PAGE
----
Jump to ContentJump to Main Navigation
Rich Democracies, Poor PeopleHow Politics Explain Poverty$
Users without a subscription are not able to see the full content.

David Brady

Print publication date: 2009

Print ISBN-13: 9780195385878

Published to Oxford Scholarship Online: September 2009

DOI: 10.1093/acprof:oso/9780195385878.001.0001

Show Summary Details
Page of

PRINTED FROM OXFORD SCHOLARSHIP ONLINE (www.oxfordscholarship.com). (c) Copyright Oxford University Press, 2019. All Rights Reserved. Under the terms of the licence agreement, an individual user may print out a PDF of a single chapter of a monograph in OSO for personal use (for details see www.oxfordscholarship.com/page/privacy-policy).date: 18 June 2019

Structural Theory and Poverty

Structural Theory and Poverty

Chapter:
(p.145) 7 Structural Theory and Poverty
Source:
Rich Democracies, Poor People
Author(s):

David Brady (Contributor Webpage)

Publisher:
Oxford University Press
DOI:10.1093/acprof:oso/9780195385878.003.0007

This chapter examines structural theory as an alternative explanation. Structural theory contends that macro‐level labor market and demographic conditions put people at risk of poverty, and cross‐sectional and temporal differences in these structural factors account for variation in poverty. Specifically, this chapter evaluates the influence on poverty of five structural factors: manufacturing employment, agricultural employment, female labor force participation, the elderly population, and children in single‐mother families. Most of these structural factors are influential, and structural theory is a reasonable alternative explanation. However, institutionalized power relations theory appears to be slightly more effective in explaining poverty.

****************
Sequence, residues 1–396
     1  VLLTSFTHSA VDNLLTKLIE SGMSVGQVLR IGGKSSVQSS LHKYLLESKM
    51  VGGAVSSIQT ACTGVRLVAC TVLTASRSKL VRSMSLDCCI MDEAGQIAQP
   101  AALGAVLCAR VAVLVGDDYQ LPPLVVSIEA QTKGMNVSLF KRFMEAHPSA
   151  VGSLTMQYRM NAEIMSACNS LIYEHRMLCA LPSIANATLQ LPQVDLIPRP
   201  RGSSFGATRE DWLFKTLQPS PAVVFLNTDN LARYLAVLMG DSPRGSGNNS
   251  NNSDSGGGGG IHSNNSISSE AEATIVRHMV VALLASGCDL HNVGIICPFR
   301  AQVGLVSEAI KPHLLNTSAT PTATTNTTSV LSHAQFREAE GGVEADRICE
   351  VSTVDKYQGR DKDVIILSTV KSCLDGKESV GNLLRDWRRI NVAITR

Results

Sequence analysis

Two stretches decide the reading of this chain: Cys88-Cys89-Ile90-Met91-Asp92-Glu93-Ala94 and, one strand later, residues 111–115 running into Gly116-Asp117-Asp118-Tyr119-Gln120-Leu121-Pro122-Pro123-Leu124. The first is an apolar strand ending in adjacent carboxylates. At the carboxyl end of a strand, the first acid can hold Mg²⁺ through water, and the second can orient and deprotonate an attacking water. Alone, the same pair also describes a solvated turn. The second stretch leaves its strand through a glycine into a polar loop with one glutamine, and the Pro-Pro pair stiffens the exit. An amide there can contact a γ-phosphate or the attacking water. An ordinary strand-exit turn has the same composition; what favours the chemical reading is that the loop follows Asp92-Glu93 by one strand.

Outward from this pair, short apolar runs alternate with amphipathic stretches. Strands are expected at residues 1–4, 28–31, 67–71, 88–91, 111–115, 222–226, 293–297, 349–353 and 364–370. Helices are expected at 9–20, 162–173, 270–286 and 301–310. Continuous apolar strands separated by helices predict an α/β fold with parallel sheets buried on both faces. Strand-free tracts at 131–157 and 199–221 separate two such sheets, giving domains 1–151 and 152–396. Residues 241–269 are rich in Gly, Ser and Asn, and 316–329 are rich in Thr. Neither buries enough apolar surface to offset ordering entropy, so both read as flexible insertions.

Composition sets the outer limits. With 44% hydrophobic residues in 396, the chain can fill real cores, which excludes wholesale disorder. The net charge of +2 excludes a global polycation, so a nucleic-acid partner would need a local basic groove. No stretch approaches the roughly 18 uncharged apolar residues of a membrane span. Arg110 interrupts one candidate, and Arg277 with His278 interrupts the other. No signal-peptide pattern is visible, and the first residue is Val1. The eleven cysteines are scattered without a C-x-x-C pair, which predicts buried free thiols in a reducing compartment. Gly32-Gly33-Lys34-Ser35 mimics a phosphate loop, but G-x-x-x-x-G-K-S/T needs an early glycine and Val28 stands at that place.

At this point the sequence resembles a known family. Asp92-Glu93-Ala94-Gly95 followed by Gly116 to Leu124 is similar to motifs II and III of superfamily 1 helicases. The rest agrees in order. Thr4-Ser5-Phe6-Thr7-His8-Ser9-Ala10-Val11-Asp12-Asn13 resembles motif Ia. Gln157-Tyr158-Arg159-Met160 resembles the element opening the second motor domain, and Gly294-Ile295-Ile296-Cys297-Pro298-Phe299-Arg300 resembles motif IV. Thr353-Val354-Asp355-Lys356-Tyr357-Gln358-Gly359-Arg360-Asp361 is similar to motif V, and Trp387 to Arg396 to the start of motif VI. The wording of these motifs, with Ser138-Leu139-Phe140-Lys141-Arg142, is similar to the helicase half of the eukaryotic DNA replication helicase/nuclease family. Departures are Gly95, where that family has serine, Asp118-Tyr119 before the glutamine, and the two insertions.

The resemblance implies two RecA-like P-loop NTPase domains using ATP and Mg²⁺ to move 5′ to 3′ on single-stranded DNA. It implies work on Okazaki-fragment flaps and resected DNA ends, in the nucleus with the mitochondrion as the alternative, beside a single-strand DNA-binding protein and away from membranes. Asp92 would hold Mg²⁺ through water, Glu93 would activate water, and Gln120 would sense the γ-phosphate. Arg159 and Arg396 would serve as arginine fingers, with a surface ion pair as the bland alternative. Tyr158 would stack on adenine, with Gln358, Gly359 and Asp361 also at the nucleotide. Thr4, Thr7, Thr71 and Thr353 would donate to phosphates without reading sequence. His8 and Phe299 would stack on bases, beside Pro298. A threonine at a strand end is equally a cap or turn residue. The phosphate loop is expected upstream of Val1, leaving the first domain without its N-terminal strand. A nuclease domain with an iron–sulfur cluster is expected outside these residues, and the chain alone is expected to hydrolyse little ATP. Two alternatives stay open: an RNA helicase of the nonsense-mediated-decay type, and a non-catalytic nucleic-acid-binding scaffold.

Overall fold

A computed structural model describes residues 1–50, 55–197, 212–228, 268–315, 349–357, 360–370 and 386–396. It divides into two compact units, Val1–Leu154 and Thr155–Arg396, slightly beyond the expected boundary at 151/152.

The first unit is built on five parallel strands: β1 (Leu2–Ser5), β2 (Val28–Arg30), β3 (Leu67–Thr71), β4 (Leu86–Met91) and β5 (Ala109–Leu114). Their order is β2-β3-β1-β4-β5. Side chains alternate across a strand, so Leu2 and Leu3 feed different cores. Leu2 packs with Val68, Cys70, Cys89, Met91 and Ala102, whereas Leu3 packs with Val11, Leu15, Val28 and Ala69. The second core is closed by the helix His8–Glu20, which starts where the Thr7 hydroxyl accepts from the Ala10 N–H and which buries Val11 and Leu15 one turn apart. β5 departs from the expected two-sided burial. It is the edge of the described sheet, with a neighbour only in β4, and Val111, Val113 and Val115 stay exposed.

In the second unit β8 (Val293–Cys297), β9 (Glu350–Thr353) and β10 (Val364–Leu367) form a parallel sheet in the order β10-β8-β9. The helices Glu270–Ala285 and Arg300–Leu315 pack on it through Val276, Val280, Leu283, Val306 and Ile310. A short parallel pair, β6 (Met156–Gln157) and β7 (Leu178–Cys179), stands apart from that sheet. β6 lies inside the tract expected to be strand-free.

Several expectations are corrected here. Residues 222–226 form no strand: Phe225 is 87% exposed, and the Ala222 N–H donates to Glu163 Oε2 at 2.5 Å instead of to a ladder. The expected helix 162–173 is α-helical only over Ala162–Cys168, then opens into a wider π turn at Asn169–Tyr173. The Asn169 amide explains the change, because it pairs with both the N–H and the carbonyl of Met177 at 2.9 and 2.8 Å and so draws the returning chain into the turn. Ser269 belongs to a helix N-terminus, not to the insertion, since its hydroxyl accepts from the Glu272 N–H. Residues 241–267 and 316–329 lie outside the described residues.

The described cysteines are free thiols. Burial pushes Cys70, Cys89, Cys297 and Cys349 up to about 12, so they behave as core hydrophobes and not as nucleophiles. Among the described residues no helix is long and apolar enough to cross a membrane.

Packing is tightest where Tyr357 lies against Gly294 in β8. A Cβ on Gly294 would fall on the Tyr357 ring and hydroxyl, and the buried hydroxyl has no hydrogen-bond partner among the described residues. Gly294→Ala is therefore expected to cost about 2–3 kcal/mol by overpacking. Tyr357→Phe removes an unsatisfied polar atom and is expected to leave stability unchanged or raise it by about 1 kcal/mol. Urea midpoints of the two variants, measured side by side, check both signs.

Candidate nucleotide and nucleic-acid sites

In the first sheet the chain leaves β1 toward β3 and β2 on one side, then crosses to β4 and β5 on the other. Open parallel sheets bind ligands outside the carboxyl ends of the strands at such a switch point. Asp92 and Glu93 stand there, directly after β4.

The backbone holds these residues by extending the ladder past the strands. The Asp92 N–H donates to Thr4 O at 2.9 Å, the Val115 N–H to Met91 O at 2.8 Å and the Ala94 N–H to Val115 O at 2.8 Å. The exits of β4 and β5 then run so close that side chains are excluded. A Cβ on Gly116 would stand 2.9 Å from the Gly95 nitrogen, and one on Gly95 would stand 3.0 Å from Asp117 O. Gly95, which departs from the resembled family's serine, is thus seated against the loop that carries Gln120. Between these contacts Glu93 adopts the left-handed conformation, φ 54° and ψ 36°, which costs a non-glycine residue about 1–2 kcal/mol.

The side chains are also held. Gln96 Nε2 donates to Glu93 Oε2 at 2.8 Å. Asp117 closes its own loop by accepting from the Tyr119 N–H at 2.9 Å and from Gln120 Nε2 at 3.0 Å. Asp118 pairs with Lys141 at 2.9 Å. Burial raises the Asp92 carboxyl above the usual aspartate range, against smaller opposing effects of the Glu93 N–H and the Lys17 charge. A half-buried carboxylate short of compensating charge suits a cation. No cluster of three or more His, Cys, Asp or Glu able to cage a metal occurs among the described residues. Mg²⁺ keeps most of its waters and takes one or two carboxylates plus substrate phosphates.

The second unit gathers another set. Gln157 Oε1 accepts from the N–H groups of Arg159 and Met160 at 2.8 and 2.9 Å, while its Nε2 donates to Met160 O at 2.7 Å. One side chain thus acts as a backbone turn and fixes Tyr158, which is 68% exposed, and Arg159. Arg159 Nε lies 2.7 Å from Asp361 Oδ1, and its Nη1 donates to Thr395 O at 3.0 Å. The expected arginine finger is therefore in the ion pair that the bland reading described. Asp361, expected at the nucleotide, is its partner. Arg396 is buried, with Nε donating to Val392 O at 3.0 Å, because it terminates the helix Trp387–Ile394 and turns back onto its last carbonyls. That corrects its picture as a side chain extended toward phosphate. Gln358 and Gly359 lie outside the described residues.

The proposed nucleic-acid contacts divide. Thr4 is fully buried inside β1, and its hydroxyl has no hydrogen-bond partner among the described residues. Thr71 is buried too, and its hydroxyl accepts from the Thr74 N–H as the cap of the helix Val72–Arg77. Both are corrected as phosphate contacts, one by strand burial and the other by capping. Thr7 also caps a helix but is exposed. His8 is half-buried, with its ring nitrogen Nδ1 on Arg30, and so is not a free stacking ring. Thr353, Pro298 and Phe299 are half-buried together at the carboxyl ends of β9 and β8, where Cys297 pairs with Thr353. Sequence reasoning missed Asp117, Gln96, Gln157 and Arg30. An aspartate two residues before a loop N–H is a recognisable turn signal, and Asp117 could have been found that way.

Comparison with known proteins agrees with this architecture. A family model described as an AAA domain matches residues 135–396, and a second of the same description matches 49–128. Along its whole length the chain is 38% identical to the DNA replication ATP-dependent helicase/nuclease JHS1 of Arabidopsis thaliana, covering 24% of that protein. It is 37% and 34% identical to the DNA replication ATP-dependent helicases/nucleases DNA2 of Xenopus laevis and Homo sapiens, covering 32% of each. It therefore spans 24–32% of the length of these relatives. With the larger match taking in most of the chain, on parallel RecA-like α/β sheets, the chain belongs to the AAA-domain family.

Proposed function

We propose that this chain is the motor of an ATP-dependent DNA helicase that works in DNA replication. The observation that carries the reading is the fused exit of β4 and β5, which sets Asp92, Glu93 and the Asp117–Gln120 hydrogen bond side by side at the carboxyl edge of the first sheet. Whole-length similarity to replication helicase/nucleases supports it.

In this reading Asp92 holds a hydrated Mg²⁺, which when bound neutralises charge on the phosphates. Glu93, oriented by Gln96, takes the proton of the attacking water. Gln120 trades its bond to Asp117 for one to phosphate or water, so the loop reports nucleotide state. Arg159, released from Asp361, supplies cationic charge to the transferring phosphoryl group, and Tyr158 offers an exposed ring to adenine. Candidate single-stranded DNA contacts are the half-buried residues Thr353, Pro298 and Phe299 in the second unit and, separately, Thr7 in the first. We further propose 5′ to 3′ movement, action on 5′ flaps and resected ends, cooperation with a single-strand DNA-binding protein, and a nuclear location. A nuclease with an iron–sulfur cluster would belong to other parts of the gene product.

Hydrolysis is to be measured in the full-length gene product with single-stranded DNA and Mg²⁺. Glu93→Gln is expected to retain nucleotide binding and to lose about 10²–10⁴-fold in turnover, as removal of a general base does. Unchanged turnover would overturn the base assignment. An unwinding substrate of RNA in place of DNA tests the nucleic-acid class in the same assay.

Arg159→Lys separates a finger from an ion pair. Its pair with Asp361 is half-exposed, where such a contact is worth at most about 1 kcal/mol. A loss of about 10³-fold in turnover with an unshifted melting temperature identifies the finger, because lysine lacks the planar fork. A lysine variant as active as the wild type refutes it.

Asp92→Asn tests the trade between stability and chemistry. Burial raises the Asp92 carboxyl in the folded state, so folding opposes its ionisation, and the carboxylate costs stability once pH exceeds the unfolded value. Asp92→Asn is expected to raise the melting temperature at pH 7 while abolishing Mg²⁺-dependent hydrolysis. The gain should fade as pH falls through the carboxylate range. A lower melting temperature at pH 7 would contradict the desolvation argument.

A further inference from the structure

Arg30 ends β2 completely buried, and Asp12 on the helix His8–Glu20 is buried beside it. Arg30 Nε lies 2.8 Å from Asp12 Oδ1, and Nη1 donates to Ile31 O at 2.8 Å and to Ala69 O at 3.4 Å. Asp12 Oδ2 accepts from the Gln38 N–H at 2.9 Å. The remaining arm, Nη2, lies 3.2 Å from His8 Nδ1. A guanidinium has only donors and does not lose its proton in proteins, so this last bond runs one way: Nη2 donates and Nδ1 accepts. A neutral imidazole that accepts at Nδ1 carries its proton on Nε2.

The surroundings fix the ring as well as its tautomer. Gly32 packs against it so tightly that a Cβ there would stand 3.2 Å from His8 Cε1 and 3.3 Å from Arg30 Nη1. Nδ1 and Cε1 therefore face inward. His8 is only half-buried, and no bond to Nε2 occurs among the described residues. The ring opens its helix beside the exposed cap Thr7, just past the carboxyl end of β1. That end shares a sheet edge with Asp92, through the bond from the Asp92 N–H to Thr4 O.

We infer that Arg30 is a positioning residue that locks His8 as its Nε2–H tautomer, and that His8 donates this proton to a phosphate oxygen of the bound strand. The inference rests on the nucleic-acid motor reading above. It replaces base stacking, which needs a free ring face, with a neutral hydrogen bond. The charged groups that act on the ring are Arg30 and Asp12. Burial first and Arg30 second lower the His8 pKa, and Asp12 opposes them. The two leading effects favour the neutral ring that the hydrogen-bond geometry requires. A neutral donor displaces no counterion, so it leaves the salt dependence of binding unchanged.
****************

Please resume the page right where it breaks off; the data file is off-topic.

Keywords:   labor market, demography, manufacturing, single mothers, elderly

Oxford Scholarship Online requires a subscription or purchase to access the full text of books within the service. Public users can however freely search the site and view the abstracts and keywords for each book and chapter.

Please, subscribe or login to access full text content.

If you think you should have access to this title, please contact your librarian.

To troubleshoot, please check our FAQs , and if you can't find the answer there, please contact us .